We've file our motion for preliminary injunction to stop Illinois's "assault weapon" registration requirement on behalf of Federal Firearms Licensees of Illinois, @GSL_IL , @GunOwners, @GunFoundation, @piasaarmory, and individual plaintiffs.— Kostas Moros (@MorosKostas) November 14, 2023
You can read it here:… pic.twitter.com/6HKagKIK0E
In a recent legal filing, plaintiffs led by the Federal Firearms Licensees of Illinois (FFL-IL), including Caleb Barnett and others, have launched a significant challenge against the State of Illinois, represented by defendants including Kwame Raoul and Governor J.B. Pritzker.
The lawsuit, filed in the United States District Court for the Southern District of Illinois, contests the constitutionality of the state’s firearm registration requirements under 720 ILCS 5/24-1.9 et seq.
The crux of the dispute revolves around Illinois law, which has designated numerous firearms and related parts as “assault weapons.” The law requires these items to be registered by January 1, 2024.
This registration process mandates owners to submit an affidavit, providing extensive details about the firearms, including make, model, caliber, and serial number, among other things
The plaintiffs argue that the registration scheme violates constitutional rights on several grounds.
Firstly, they claim that the law fails to provide sufficient notice to firearm owners, a violation of the Due Process Clause. The lawsuit emphasizes that the State’s method of online announcements as the sole means of public notice is inadequate and unreasonable, especially considering the serious criminal consequences of non-compliance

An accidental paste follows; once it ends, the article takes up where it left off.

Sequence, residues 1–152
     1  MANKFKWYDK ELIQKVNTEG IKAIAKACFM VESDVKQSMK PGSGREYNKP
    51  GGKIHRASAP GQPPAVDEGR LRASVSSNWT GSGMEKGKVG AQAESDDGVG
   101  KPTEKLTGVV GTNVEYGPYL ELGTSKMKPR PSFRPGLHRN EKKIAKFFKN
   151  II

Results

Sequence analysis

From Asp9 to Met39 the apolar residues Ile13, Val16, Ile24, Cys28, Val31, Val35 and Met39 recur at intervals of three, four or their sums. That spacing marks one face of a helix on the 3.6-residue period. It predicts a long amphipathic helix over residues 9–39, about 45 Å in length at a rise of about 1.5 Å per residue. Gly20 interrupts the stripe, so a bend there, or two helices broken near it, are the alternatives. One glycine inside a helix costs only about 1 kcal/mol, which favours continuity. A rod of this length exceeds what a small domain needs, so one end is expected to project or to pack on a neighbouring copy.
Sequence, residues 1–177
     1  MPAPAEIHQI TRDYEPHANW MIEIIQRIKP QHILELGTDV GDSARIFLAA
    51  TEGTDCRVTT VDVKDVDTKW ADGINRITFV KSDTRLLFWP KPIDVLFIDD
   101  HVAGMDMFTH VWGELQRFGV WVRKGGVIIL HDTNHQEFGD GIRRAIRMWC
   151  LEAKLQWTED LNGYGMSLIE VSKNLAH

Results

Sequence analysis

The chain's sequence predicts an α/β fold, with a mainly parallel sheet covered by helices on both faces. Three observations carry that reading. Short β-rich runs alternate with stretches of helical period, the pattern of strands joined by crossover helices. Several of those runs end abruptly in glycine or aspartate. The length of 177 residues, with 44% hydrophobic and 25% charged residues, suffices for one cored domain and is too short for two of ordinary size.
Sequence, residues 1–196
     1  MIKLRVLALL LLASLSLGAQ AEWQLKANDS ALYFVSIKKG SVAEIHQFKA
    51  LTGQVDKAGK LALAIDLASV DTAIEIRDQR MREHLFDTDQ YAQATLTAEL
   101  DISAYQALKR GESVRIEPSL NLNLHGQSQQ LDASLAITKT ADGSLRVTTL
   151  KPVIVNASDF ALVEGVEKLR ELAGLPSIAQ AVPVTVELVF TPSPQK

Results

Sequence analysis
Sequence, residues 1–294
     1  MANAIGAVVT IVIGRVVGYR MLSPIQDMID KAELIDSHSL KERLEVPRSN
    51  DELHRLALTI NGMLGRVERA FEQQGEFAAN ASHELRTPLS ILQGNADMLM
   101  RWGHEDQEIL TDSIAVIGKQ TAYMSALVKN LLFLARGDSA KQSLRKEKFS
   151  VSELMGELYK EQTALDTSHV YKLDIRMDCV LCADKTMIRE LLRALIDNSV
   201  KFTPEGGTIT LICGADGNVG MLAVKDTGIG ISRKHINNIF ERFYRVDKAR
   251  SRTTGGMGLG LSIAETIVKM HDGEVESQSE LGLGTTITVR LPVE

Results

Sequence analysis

Secondly, the lawsuit raises concerns about the law’s vagueness. Many terms crucial for identifying which firearms or parts must be registered are allegedly not clearly defined, leaving gun owners uncertain about compliance requirements and potentially vulnerable to unintentional legal violations
The third and perhaps most pivotal argument is that the registration scheme violates the Second Amendment.
Plaintiffs reference the Supreme Court’s ruling in N.Y. State Rifle & Pistol Ass’n v. Bruen, which clarified that any regulation must be consistent with the nation’s historical tradition of firearm regulation. The plaintiffs argue that Illinois’s registration requirements lack a historical precedent, especially when considering the founding-era context of the Second Amendment
The case, which is still pending before the court, is being closely watched by legal experts and gun rights advocates nationwide.
It represents a significant challenge to state-level firearm regulations and could have far-reaching implications for the interpretation and application of the Second Amendment in the United States.
As always, stay tuned for updates.
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